- July 27, 2016
- Posted by: Joan Underwood
- Category: Uncategorized
In 1967, the Organization of Eastern Caribbean States – namely Antigua, Anguilla, Dominica, Grenada, Saint Vincent and the Grenadines, Saint Kitts & Nevis, and Saint Lucia – joined in a new “status of association” with the United Kingdom, in accordance with the West Indies Act of 1967. The Act provided for Her Majesty by Order in Council to establish common courts for the Associated States with “such jurisdiction and powers as may be so specified or determined.” The Order in Council also allowed provisions to be made for the establishment in common of a Judicial and Legal Commission to appoint judges and other judicial officers of the Court; for the remuneration, allowances, and pension rights of the judges and officers of the Court; and for defraying the expenses of the Commission and the Courts. This remains in place today, and ensures that such matters stay out of government control.
The West Indies Associated States Supreme Court Order duly followed and gave effect to Section 6 of the West Indies Act, permitting the establishment of common courts for the Associated States – “West Indies Associated States Supreme Court”. Since then, this Order has been given constitutional recognition and effect by two successive Constitutions: the Associated State Constitution of 1967 and the Independence Constitutions of the respective States beginning with the Independence Constitution of Grenada in 1974.
The most important change initiated by the Supreme Court Order was the fusion of the High Court and Court of Appeal into one Supreme Court, and the confinement of all appeals to the Court of Appeal. The previous practice, which allowed the appellate jurisdiction to be shared by different appeal courts, was abolished.
The West Indies Associated States Supreme Court, now styled as the Eastern Caribbean Supreme Court, initially had its headquarters in Grenada, until it moved to Saint Lucia following the overthrow of the constitutionally elected government of Sir Eric Matthew Gairy in March 1979. The inclusion of the British Overseas Territories of the British Virgin Islands, and Montserrat have now increased the Court’s membership to nine. It’s stated Mission is: “To serve its Member States by providing access to a system of justice that is accountable and independent, and administered by officers in a prompt, fair, efficient, and effective manner”.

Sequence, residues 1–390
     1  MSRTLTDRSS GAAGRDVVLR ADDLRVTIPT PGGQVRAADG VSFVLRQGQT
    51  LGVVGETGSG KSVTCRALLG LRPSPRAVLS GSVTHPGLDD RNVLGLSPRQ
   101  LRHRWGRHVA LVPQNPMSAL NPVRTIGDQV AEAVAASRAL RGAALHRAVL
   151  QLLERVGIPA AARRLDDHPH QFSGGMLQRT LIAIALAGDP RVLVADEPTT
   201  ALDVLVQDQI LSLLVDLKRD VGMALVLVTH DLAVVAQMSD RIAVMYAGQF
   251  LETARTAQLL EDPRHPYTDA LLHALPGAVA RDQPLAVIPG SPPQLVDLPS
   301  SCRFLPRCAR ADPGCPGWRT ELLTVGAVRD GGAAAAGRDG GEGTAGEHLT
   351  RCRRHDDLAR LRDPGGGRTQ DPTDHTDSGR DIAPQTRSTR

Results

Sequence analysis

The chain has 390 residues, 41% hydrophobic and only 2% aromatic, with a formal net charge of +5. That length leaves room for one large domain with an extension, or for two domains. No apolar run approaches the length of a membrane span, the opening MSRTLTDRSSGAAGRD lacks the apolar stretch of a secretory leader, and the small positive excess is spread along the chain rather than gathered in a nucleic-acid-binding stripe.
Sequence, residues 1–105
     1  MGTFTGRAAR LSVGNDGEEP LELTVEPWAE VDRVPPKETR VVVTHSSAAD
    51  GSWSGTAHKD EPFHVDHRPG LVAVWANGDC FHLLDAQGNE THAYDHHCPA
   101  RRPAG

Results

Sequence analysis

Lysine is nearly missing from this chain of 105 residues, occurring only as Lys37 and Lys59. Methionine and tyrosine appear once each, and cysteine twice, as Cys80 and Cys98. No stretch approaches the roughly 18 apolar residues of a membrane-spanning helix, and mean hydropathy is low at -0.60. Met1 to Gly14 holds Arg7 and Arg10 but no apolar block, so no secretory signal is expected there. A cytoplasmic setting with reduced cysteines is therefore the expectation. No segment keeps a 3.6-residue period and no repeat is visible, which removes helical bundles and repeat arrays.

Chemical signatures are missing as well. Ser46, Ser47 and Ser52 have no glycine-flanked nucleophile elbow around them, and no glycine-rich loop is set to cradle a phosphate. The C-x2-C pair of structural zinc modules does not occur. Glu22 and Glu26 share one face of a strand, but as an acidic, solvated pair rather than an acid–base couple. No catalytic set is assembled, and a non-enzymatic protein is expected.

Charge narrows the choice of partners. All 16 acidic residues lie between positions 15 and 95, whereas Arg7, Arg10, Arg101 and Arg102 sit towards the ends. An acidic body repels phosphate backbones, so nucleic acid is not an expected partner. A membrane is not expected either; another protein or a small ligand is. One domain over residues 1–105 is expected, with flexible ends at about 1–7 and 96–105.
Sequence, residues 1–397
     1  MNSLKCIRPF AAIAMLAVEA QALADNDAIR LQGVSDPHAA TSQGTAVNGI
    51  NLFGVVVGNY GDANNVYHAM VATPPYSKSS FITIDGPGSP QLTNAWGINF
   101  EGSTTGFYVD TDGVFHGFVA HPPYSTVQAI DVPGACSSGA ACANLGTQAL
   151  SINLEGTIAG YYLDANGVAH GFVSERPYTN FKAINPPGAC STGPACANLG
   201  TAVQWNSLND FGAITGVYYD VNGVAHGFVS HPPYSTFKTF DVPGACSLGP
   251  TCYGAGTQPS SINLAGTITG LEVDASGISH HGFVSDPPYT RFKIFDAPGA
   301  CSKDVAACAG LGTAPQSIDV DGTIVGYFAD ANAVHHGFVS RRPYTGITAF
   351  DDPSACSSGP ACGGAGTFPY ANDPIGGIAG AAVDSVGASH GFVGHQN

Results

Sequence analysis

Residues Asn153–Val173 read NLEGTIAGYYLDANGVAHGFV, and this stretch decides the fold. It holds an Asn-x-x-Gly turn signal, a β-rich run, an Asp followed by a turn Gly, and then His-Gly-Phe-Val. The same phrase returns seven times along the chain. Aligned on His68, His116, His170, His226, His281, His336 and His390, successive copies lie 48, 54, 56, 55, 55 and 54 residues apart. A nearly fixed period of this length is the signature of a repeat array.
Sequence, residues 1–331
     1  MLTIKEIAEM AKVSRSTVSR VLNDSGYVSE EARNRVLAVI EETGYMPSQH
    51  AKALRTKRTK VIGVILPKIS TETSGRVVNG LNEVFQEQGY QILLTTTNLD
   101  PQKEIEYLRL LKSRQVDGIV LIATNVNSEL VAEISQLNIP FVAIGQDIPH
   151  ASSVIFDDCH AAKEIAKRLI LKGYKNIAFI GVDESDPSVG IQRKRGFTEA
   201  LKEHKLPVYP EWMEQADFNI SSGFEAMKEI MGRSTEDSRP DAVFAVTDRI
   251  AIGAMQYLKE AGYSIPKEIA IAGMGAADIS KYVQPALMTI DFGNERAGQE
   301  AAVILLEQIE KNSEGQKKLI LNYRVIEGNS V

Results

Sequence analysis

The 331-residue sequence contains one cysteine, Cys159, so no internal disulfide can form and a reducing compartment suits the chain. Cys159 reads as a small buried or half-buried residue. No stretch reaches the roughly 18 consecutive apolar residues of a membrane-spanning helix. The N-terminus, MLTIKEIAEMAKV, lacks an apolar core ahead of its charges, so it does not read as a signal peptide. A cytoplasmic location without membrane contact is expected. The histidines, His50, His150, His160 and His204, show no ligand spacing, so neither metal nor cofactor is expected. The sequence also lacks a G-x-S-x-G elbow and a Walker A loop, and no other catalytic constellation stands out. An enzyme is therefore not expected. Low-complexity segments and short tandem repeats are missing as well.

There are twenty High Court Judges serving the Region with four currently stationed here in Antigua and Barbuda: two each sitting on the civil and the criminal bench, with a retirement age of sixty five in some States and sixty three in others, and a possible extension for a maximum of three years by the Commission with the concurrence of all the Prime Ministers. The Court of Appeal now boasts of a membership of six (for years, it was four) including the Chief Justice, with a retirement age of sixty seven, subject to a similar extension. The retirement age is entrenched in the Constitution, and needs to be increased given the growing number of judges being asked (due to need for their services, and given their established knowledge and experience) to act in that position after reaching the mandatory age. I am therefor of the considered opinion that the retirement age for all judges should be increased to age 70, with a possible extension up to age 75 maximum. That, of course, will need to be addressed by way of referendum.
The Eastern Caribbean Supreme Court is financed by contributions from the nine members of the Organization of Eastern Caribbean States (OECS) in accordance with an agreed percentage for which allocations are made in their respective annual Budgets. The contributions presently agreed on are as follows:
All of the Member States are indebted to the Court in respect of contribution arrears. Antigua and Barbuda’s indebtedness up to the 2013/14 financial year is a mounting $5,800,000.00 – an amount three times more than its contribution for the Court’s financial year 2012/13. If that is the trend (more or less) with all the States, how can the Court properly meet its recurrent expenditure in addition to its requirement for modernization, better court facilities, continuing judicial education, or more judges, judicial officers and staff in the face of increased litigation and more attorneys in private practice?
Out of an aggregate of 8,535 High Court civil cases filed in the nine Member States in 2012, Antigua and Barbuda accounted for 1,503 of which only 340 were disposed of. In St. Lucia, 2,341 cases were filed of which 1,691 were disposed of; and in Grenada, the corresponding figures were 1,260 and 697. The complexity of the matters, the referral to mediation, the readiness of the attorneys (who love to seek adjournments), and the ready availability of litigants and witnesses, all contribute to delay.
It must be remembered that the Court of Appeal is an itinerant Court, and travels to sit as a full court in a panel of three judges in each of these Member States three times a year; it varies in the British Overseas Territory Members. In addition, the Court may be required to hold additional sittings to accommodate matters considered of urgent public importance, and handles numerous applications concerning appeals.